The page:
Most of this experience I have gained relates to content for musical performances at award shows. It presents all sorts of new challenges when you are designing for complex stages with screens scattered throughout big venues. My content is usually just a small piece of the whole puzzle, and the folks at home really have no idea how much prep goes into these shows that they check out while channel surfing. Television may seem saturated with an alphabet soup of awards shows that are constantly coming out giving kudos to the same artists over and over again, but I’m always checking them out just to see what the show amounts to. My behind the scenes experience gives me a better perspective and appreciation for the end result. The number of people involved with preparing the music, dances, costumes, the set design, securing the props, finding a way to ship and transport huge pieces of the set around the country, preparing the venue for broadcast, etc. is simply staggering. I’ve seen some of it first hand and when everyone works together you can put on a great event, and the viewer at home has no chance of realizing how much work goes into it all and how many people are involved with every little detail.
The main difference you experience when designing a live stage performance is that your animation work is no longer the main focus of the broadcast. You have to think of it as content within content. Usually I would just design a TV commercial or some sort of animation that takes up the entire TV screen and is solely what the viewer absorbs and focuses on. With a live performance the viewer is mostly focusing on the performer, and absorbing your content kind of in their periphery. So I try to find a way to come up with ideas that are new and fresh but end up being pretty simple.
Simplicity is the key, your content can’t be too complex for a number of reasons:
It will clash with everything else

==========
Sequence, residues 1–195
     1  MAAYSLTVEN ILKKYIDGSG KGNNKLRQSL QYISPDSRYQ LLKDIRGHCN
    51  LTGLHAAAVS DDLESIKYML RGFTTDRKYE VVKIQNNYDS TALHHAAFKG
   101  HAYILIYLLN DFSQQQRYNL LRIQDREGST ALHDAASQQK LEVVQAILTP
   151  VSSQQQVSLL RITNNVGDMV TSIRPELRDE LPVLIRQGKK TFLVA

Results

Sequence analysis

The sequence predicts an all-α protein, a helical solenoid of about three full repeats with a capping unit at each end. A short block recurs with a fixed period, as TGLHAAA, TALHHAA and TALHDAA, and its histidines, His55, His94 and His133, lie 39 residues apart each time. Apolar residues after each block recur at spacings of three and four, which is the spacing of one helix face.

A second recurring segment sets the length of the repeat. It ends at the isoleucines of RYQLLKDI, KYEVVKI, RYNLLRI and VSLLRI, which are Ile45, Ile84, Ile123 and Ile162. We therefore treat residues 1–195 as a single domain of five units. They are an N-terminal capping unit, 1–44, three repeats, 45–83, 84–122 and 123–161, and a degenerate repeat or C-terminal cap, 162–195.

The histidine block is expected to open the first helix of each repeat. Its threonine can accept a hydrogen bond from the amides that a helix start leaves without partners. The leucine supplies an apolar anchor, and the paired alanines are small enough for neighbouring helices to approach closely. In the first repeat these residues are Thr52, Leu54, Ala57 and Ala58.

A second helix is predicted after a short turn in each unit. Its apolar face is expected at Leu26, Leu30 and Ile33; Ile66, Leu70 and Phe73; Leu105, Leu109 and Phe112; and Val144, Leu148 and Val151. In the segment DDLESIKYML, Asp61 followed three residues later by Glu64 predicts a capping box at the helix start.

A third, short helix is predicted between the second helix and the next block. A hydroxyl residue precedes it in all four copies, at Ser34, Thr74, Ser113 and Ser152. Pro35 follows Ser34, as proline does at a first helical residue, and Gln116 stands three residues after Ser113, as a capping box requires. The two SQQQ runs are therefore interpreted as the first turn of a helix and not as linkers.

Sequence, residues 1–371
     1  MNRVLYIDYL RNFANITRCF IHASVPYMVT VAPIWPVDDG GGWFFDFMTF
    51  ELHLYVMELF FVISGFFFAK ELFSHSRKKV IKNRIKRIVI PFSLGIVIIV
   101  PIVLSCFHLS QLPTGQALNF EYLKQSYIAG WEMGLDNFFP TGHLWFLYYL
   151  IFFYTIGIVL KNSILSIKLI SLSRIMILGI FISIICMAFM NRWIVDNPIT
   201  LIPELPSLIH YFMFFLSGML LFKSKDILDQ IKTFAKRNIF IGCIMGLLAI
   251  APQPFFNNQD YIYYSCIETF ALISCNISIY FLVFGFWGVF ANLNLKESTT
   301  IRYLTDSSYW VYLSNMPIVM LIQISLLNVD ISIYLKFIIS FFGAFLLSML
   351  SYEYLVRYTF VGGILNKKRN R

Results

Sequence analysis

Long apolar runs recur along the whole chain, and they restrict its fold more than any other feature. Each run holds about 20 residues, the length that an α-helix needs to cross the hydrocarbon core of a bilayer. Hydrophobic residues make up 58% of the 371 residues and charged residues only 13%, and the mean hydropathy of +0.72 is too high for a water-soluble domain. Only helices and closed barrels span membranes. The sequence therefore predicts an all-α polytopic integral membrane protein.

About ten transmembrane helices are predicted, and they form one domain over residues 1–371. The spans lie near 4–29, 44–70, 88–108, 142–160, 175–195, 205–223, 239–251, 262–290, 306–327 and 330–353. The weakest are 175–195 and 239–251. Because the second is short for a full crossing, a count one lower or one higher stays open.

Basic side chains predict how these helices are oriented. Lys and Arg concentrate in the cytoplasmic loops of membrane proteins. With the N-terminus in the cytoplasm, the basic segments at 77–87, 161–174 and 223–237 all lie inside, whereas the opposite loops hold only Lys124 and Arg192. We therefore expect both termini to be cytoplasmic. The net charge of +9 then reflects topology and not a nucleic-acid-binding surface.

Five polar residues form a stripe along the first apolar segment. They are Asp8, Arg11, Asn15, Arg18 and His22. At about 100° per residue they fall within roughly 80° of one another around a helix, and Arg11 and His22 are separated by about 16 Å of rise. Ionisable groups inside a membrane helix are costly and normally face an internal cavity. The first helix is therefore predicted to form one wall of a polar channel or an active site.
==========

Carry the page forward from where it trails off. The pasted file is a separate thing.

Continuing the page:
You have no control over how people will see it
It’s not a music video
Sometimes a live performance can have everything going on stage, featuring an artist (or artists), a band, dancers, props, pyro, cryo, lasers, lights, smoke, etc. You can create some really sophisticated animation and have it get totally lost on stage. It could end up being totally obscured very easily. I’ve had this happen to me before.
The performance is being filmed through cameras at every angle, and the director of the show is going to be switching around constantly. Some nice wide shots will show off your animation, but closeups on the artist will make you feel fortunate if you can see a handful of pixels. Also the pace in which the cameras switch may be pretty fast, so you’ll be lucky if you can a nice clean glimpse of the work for more than a couple seconds.
This was hard for me to fully grasp at first, but now I get it. You are not creating a music video. You’re not making something the sole focus as to why people are watching the artist perform. They want to see the artist sing (or at least pretend as if they are singing) and enjoy the show, but there not watching your work with a critical eye like they would with a straight up music video.
Most times for the music awards shows I’ve done, I’ve juggled multiple acts for a couple weeks. Sometimes the artists are not confirmed until the last minute, they can’t decided what song to do, or they kick around a bunch of different concepts for what the performance should be like. On top of formatting your content to fit a custom stage, rendering, transferring files in time for rehearsals in the days before the show, you tend to have a very small window to work with. Sometimes simple animation is by design, but it can be out of necessity just so you can meet your deadline.
I think it’s harder to showcase these kinds of animation examples because without any context it may not seem overly impressive. So I’ll be trying to post my examples periodically and explain the process behind the production.I use a boatload of plugins for Cinema 4D and After effects, like MoGraph, X Particles, the Trapcode Suite and more. ALl of my live performance content will be chronicled under this location on my site.